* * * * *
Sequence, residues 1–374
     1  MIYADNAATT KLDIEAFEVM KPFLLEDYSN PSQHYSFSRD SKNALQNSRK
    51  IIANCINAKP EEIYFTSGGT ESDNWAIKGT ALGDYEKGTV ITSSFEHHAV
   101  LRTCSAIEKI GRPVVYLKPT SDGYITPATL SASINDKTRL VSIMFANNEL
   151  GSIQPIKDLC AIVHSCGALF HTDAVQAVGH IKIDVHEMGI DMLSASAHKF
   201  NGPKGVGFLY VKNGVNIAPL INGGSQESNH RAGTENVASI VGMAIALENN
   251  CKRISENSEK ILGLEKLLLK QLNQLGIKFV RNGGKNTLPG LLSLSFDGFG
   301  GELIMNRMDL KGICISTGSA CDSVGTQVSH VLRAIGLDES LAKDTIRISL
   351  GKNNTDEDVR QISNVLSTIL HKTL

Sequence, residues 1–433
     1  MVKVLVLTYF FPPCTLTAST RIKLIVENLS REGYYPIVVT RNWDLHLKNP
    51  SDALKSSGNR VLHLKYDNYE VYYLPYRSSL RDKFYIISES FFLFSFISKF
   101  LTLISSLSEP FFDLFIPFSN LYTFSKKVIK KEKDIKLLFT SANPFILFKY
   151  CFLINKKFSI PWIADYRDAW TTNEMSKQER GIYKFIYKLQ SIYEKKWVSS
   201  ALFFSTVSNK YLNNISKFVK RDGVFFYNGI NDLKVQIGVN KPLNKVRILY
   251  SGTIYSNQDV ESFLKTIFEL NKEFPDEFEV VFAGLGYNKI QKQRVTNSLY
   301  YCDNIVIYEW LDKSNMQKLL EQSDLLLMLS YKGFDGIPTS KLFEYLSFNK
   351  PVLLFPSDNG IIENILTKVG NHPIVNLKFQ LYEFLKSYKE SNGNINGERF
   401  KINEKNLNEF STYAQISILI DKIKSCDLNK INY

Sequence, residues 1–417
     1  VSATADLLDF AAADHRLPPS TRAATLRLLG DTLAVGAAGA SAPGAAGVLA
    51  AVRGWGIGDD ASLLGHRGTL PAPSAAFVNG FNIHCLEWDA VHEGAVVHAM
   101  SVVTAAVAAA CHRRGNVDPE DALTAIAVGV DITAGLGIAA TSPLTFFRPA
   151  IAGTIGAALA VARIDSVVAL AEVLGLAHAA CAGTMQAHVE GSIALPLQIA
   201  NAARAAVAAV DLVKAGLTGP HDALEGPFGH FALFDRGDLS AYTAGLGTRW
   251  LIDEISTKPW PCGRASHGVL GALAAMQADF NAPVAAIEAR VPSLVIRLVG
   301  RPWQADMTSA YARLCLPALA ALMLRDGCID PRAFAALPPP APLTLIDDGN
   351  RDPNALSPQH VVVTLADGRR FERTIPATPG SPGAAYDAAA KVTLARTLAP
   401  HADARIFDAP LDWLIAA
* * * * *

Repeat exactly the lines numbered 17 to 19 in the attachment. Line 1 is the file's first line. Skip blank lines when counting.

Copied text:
   301  YCDNIVIYEW LDKSNMQKLL EQSDLLLMLS YKGFDGIPTS KLFEYLSFNK
   351  PVLLFPSDNG IIENILTKVG NHPIVNLKFQ LYEFLKSYKE SNGNINGERF
   401  KINEKNLNEF STYAQISILI DKIKSCDLNK INY